A pool and pavilion by Pattersons architects

29 December 2015

A pool and pavilion by Pattersons on Canterbury’s Banks Peninsula is a getaway all its own


The pool has an infinity edge that allows clear views to the harbour beyond.

It is a modern pool in the grounds of a historic house. The location is Annandale, a sheep and cattle station on Canterbury’s Banks Peninsula with which regular readers of this magazine might be familiar, as we have featured three properties on the farm in previous issues: the Scrubby Bay Farmhouse, the single-bedroom getaway known as Seascape, and a century-old shepherd’s cottage that has been recently restored. All these projects were the work of Pattersons, the Auckland-based architecture firm that has also designed this pool for Annandale’s historic homestead on the shores of Pigeon Bay.


The dramatic monopitch structure provides generous shade while rising at the back to allow views of hilltops.

When it came to this project, Pattersons founder Andrew Patterson (who worked on it with his fellow director Davor Popadich) didn’t feel pressured to use the architectural language of the original homestead. “It’s at least 100 metres away and can’t be seen in the same context,” he says. “We decided to do something that was landscape-based, to base it on the logic of the site rather than with any preconceived colonial ideas.”


The pavilion roof tips upwards to allow views of the Banks Peninsula hills to the south.

The pool and its adjacent pavilion therefore act as an extension of the homestead’s garden, positioned high on the site to allow views of the foreshore and as much sun as possible. It is built on a platform that means a ha-ha acts as pool fencing at the front, allowing clear views from the pool seating area of the garden in front. At the back, the fencing is placed a few metres from the pavilion so as not to feel like it’s encroaching on the area.


The pool pavilion features concrete steps and a wall of natural stone that comes from the farm’s own quarry.

The 25-metre pool is simply lined with sealed natural concrete and has an infinity edge, but it’s the pavilion that is the real star of this ensemble. The dramatic monopitch structure, its roof constructed from fastened LVL rafters, provides generous shade for an outdoor seating area, while rising at the back to allow views of hilltops to the south. The 100-square-metre interior features a wall made of stone from the farm’s own quarry, a showering and changing area and a small gymnasium. (The Annandale homestead and all the other residences on the property are available as luxury holiday rentals). At the front, windows slide back to allow custom-made squabs to be placed on the wide sills, which work beautifully as a sunbathing spot.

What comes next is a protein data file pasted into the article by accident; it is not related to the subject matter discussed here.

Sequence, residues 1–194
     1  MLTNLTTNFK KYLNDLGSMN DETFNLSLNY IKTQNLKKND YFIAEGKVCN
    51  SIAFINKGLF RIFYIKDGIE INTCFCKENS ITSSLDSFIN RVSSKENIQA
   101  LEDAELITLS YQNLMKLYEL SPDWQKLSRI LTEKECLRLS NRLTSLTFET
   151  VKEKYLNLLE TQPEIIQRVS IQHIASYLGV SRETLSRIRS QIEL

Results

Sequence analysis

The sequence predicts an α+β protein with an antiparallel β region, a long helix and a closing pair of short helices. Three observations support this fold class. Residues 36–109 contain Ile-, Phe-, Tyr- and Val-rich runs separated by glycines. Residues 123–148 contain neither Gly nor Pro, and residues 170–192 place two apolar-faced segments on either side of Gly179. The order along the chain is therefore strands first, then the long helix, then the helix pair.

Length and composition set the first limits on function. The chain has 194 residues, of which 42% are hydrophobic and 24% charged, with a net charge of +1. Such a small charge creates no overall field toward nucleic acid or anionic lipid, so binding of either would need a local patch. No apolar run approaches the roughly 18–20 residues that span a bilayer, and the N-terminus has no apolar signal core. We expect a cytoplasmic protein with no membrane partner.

Water from the roof is channelled into a drain via a chain standing in for a downpipe.

Photos by: Simon Devitt

Related articles

Coastal wilderness

On the divide between suburban street and wild dunescape, Brian White carves a retreat from a singular form.

Swamp house

The nickname “swamp house” expresses the home’s proximity to the marshy paddocks resting below it on the Crown Range between Queenstown and Wanaka but it might give you the wrong idea about the climate on the high, elevated plateau.  For Kerr Ritchie’s Bronwen Kerr and

Modern lake bach

Bach living is a stripped-back approach to life: family time spent eating, playing board games and puzzles in the evening, and during the day getting outside and enjoying what the natural environment has to offer – water sports, backyard cricket and mountain biking.

Out with the old

In Red Beach’s latest retirement village, the archetypal landscaping stalwart – the bowling green – has been thrown out in favour of a whole new philosophy for how seniors want to live out their retirement years.  Boffa Miskell landscape architect Emma Todd says Metlifecare were